The star is the electronic lasso, which you can use to grab multiple enemies and spin them around or pull them towards you. The advantage of this: if you land some quick hits in time, you can juggle in the air for a few seconds. At the same time, the often necessary evasive step can no longer be performed while running, but only when slowly locking onto an attacker. As a result, both of these things mean that you can take on larger groups better than before without having to wade through them relatively thoughtlessly.
This, at the latest, pays off in a new hobby in which you not only compete alone in special exhibition fights, but also form a team of fighters so that up to eleven people can enter the ring. These fighters can be found on the street, received as a reward after some missions, or purchased from informants, and they all have individual strengths that are further developed through victories.
In essence, this is as mundane as it is surprisingly motivating, but I don’t really care as long as it’s fun! You can even buy them gifts and give them expensive champagne to boost their development.
Well, of course it’s not really new. Anyone who has played Yakuza 6 knows this mix of Pokémon. Except here you fight yourself instead of just tactically moving hired goons from a bird’s eye view.
In fact, that’s the crux of this particular part of the series: you haven’t just seen it all before. This time it is almost exclusively an exact copy of the previous content. The slot race with self-made car models? It already existed in Yakuza 0. A Master System emulated with Alex Kidd in Miracle World, Fantasy Zone, Alien Syndrome and some more? Lost Judgment sends greetings.
Of course, some of the emulated games are new. And for the first time in the arcade, Daytona USA is available, or as it is called due to the expired license: Sega Racing Classic 2. In return, it bothers me that the small stories outside the main thread are much shorter and usually less entertaining than usual.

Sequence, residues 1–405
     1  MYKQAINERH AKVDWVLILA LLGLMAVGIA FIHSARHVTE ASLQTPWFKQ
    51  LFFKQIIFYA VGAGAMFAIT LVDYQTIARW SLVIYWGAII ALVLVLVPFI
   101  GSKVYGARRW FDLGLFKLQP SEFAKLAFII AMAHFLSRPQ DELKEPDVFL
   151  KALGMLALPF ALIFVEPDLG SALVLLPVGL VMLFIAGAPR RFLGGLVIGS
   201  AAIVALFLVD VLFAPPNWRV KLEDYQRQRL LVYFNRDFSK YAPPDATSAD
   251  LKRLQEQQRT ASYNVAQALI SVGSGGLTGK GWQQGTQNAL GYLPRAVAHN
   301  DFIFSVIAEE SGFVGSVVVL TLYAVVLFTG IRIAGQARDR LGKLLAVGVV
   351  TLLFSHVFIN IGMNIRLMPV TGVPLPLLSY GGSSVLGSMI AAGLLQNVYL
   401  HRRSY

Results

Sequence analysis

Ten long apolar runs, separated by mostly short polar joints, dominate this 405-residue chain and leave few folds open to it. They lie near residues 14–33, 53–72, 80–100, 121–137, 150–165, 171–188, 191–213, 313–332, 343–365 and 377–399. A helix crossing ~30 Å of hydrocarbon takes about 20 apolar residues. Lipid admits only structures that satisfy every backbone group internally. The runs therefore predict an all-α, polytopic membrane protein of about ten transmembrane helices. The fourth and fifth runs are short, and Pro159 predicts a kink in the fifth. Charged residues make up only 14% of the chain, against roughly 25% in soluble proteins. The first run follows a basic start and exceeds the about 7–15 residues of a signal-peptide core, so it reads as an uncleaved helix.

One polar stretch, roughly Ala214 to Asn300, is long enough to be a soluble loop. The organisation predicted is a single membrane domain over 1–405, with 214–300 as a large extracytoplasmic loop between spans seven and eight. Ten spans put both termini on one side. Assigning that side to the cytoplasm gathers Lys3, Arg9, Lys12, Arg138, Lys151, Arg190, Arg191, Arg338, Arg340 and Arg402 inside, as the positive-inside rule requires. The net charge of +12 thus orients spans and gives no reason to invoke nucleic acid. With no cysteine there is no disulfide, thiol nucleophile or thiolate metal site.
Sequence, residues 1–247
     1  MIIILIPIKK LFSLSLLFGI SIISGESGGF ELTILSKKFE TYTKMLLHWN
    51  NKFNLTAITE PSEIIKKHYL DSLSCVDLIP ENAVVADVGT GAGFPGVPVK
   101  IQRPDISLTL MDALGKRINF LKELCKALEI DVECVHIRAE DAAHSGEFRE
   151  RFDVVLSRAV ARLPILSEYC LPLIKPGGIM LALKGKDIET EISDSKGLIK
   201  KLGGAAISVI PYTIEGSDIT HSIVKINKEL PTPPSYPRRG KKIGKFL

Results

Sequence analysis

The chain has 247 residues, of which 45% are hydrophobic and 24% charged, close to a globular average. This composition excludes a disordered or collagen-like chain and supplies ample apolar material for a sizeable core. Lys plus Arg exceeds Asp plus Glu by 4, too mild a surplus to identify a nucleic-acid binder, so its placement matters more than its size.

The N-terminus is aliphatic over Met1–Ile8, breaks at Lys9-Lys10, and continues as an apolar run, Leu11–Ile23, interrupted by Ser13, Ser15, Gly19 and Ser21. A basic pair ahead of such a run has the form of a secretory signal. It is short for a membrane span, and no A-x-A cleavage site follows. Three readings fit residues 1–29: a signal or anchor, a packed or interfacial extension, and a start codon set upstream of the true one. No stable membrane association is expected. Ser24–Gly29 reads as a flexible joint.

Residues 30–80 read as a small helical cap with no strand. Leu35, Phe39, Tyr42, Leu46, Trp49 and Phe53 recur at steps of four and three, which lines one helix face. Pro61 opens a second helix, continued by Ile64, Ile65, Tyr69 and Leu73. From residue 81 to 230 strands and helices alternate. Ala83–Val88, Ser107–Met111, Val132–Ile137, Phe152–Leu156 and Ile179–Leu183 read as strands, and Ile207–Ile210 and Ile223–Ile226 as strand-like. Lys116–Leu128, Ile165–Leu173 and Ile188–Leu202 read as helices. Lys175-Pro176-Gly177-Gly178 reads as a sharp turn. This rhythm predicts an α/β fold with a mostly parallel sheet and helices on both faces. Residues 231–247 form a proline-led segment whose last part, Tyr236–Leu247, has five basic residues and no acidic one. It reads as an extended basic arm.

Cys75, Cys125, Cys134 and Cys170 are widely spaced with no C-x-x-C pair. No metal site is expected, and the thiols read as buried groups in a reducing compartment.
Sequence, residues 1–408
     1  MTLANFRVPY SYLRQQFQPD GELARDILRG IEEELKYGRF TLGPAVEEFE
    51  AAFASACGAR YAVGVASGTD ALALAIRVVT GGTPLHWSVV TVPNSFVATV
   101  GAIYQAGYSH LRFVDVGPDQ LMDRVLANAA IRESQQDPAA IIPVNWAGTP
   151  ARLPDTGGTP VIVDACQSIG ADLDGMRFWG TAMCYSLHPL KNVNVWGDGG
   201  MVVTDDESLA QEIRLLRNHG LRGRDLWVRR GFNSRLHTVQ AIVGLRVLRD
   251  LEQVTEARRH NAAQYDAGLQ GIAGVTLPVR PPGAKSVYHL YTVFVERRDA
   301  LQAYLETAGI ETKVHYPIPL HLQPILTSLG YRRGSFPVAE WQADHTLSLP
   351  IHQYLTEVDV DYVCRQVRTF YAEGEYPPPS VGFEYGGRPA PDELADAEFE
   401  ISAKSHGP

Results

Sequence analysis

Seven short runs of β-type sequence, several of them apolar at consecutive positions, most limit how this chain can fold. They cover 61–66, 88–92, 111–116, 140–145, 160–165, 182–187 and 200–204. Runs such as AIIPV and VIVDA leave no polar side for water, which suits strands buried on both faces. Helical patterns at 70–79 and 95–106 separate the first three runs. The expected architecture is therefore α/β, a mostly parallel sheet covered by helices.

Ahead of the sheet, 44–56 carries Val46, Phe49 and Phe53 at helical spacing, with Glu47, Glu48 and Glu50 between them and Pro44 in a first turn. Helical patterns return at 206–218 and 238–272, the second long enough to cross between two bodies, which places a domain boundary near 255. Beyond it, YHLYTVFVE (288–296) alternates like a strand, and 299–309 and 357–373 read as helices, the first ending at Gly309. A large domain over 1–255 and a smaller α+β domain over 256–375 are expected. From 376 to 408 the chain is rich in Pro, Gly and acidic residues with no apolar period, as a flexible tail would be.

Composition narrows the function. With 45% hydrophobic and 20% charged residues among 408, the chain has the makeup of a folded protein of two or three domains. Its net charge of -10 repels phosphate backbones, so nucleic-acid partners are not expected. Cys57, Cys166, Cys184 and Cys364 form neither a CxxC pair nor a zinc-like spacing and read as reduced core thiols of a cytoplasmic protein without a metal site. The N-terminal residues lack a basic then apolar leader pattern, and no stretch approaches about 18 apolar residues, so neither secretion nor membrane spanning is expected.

You won’t trip over many of them while walking. Instead, after certain events, you get a big part of Akame, a young woman who undermines a help network in Sotenbori and prevents protagonist Joryu from pursuing her vital mission for days. That doesn’t really make much sense. She still lets him have it. Oh good.
And exactly: Joryu. Of course, you already know this is former hero Kazuma Kiryu, although he was retired in Yakuza 6 with an ending that lived up to his outsized icon status.
But Sega didn’t let him rest. And that’s why he’s back in the upcoming Like a Dragon: Infinite Wealth, the eighth part of the main series, which is why Gaiden first has to clarify why he hasn’t disappeared from the scene forever. He didn’t need that. As much as I enjoyed spending hundreds of hours with Kazuma and still do today, the memory of him would be much more impressive if his story had truly come to an end. Sometimes it is better for the dead to rest than for their reanimated corpses to shuffle through life.
I mean… it definitely has its good points. After all, you can not only enjoy the memories in a playful way, but also in a narrative way, when numerous characters, events and various allusions refer to the last years of the series. I at least had to smile when Joryu faced a fake Kazuma Kiryu at some point because previous events were being recreated.
To a certain extent, Like a Dragon Gaiden functions as a kind of bridge between then and what will come in the future. And in any case, it will be the last time Kazuma fights the old style before switching to free-for-all tactics in Infinite Wealth, at least until he has to use his fist again.
“Shibaraku ne tero,” Kazuma says after winning many fights, which could loosely be translated as: “Stay still!” If only he had stood his ground.
Like a dragon Gaiden: The man who erased his name in the test – conclusion
I’m disappointed, but I still love wandering the streets with Kazuma again. No other game offers this kind of escapism; the opportunity to get to know a city in such a way that you become familiar with every corner instead of just speeding by in the car. As much as I like new impulses in the mini-games, the outdated staging as well as the locations and game mechanics, I am also not sick of what Sega repeats year after year.
Unfortunately, Like a Dragon Gaiden embodies this “design” philosophy more strongly than any game before it. There’s almost nothing new here, exploring is even disappointingly boring thanks to a rigid list of uninteresting side quests, and the level of challenge is too low on the highest difficulty level. And I wanted to mention at least briefly that not all fans like this just because they are fans.
Well… you can see what happened with that short comment several hours later. If you like the series, you can also spend a lot of time with The Man Who Erased His Name, regardless of the increasingly harsh falls.
|Like a dragon Gaiden: the man who erased his name|